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Klopp on Liverpool-City, Guardiola and Salah

Jürgen Klopp speaks about how to outdo Pep Guardiola and all things Liverpool v Manchester City.

Klopp on Liverpool-City, Guardiola and Salah
Klopp on Liverpool-City, Guardiola and Salah ©AFP/Getty Images

Liverpool against Manchester City is not just a UEFA Champions League quarter-final match-up between two Premier League rivals, it is the latest tussle involving coaches Jürgen Klopp and Pep Guardiola.

Although Guardiola has generally swept all before him in his coaching career, it has been a different story when facing Klopp. They have met nine times, first with Klopp's Borussia Dortmund against Guardiola's Bayern München then as Liverpool and City adversaries. Klopp has won five and lost only once, a 5-0 league defeat in Manchester in September that was avenged 4-3 in January.

They meet again in the first leg at Anfield on Wednesday and Klopp spoke to UEFA.com about why neither he nor his opposite number wanted to meet in the last eight, how he has masterminded past successes against Guardiola's sides, his bond with the Liverpool fans and how the team have contributed to Mohamed Salah's incredible goalscoring form.

On drawing Manchester City ...

Liverpool hit five at Porto
Liverpool hit five at Porto

I thought: "Of course it had to be them" for a few reasons. I never really think about draws even though I'm always asked which opponents I would like to face. But I actually don't care a jot.

There are only two teams I wouldn't have wished to play against ideally. Man. City, because in my opinion a cool thing about the Champions League is getting the chance to play in another country. The other team is Sevilla, since we already played there.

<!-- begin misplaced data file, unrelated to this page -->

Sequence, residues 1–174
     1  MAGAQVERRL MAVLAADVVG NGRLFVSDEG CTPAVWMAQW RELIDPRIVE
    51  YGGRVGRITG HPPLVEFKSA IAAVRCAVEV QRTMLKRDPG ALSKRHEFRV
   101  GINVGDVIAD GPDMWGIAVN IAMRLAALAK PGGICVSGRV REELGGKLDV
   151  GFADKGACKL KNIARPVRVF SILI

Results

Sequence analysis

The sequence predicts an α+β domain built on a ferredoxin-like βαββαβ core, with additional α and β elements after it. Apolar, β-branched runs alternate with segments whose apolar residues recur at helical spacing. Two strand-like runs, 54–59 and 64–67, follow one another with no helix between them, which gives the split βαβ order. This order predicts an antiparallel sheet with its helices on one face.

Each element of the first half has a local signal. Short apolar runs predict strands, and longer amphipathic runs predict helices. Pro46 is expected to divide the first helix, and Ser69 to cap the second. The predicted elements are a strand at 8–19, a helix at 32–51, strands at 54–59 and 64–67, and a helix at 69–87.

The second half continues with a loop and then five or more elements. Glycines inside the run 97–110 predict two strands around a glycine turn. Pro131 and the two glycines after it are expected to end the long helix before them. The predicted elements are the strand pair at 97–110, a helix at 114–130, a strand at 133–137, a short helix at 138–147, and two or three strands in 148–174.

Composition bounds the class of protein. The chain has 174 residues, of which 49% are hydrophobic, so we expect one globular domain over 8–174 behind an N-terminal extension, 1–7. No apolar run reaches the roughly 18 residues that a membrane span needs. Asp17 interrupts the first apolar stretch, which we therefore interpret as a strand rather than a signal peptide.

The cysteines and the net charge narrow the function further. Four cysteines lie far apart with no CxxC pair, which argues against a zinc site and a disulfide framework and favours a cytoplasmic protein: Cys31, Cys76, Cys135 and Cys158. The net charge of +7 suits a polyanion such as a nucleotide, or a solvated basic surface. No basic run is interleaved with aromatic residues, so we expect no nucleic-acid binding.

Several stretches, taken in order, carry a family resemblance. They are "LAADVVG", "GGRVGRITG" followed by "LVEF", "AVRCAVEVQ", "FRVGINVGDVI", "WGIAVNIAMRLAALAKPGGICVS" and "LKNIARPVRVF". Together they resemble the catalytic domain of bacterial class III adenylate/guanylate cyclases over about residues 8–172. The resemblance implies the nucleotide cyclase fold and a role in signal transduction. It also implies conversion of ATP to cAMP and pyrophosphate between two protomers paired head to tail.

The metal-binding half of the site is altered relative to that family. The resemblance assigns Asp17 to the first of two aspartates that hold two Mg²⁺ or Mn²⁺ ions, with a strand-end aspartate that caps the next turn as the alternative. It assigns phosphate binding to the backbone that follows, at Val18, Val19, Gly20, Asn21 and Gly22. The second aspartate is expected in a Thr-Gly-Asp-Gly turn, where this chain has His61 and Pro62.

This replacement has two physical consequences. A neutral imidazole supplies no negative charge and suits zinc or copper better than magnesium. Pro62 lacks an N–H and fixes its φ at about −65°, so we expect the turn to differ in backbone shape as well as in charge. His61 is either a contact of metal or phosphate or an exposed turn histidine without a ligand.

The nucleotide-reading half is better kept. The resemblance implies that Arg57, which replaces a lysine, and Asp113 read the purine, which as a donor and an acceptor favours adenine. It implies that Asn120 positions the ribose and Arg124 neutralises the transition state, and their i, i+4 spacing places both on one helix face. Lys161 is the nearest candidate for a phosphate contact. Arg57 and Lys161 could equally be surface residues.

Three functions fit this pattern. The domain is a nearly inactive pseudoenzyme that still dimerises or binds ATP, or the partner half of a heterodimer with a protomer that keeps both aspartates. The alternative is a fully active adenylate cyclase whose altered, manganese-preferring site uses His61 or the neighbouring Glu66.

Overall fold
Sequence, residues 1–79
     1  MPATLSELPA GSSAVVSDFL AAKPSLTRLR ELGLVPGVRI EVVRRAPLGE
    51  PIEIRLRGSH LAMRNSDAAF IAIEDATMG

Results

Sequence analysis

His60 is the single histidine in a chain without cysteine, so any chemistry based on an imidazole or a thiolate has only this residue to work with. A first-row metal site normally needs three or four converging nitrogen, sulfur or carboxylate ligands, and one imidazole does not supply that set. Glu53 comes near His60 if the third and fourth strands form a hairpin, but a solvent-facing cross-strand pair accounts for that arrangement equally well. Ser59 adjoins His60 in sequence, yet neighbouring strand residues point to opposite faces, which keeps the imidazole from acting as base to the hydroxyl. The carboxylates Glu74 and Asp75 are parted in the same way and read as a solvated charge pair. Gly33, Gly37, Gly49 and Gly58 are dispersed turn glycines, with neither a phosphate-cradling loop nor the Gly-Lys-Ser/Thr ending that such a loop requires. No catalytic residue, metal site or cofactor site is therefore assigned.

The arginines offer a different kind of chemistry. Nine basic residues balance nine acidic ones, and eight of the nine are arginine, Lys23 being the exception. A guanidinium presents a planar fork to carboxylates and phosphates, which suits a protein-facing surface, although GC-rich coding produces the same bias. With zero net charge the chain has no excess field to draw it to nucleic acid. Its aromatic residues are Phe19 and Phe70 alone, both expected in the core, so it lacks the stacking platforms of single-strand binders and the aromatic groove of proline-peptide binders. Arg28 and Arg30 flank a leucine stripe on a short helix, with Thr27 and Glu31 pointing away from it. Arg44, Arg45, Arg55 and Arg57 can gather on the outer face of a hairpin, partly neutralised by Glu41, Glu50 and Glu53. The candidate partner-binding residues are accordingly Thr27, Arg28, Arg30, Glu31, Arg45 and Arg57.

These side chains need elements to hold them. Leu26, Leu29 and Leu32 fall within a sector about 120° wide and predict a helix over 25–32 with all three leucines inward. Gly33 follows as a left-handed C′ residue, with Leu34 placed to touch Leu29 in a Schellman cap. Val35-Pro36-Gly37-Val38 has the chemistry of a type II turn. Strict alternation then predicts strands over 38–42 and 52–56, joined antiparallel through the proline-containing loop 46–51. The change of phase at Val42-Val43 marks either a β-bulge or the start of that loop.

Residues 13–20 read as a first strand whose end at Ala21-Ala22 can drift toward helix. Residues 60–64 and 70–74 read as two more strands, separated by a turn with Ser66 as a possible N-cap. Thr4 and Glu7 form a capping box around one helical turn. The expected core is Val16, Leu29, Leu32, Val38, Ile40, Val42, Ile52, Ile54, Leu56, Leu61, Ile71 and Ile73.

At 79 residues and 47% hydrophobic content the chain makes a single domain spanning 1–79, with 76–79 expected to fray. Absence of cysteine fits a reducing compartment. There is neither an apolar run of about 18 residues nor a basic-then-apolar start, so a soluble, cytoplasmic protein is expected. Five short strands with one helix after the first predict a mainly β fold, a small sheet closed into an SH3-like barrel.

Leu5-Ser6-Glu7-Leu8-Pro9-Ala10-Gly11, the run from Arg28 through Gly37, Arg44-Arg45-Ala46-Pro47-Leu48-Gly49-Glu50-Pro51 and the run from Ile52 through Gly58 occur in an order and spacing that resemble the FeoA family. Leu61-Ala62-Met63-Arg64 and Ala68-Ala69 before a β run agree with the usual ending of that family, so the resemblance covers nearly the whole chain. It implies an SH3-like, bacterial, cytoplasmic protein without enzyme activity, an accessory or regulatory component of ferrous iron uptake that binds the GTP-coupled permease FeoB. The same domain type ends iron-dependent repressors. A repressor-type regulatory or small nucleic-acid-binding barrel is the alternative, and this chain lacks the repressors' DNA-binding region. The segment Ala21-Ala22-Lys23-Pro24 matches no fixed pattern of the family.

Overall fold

I saw Pep Guardiola's reaction and he wasn't happy either. We know each other very well. It doesn't matter who you get when you're there at the draw. It might have a big influence on how you prepare but it doesn't matter during the draw. So I'm fine with it.

On the tie itself ...

©AFP/Getty Images

I would say that of all the match-ups, and each one is great in its own right, if I were a neutral spectator I would choose this game.

For those who have seen our two clashes in the Premier League this year, and in the last few years as well since Pep arrived and, to be honest, also before his era, they know that it's always an exciting match. And that's the way football should be.

The main focus probably won't be on the result, instead it'll be about doing more things right than the opponents, because you can't simply defend against Man. City and hope that they won't score on the day. They're just too good.

On how to beat City ...

The way we attack the opponent, the way we defend high is unpleasant [for our opponents]. If we do that well they will have some difficulty coping with it.

I think there will be plenty of coaches all over the world watching these games in order to find a solution for how to play well defensively, and by doing that also giving yourself the chance to become dangerous on the attack against the best teams like Barcelona and Man. City. It will be very exciting. There's no guarantee this will work. In the end it's the lads on the pitch who will decide the game.

On Pep Guardiola ...

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His teams are always excellently positioned. He always has great teams which make excellent decisions. At Barcelona it was Xavi, Iniesta, Busquets, Lionel Messi and so on, just to mention the creative players from his time there.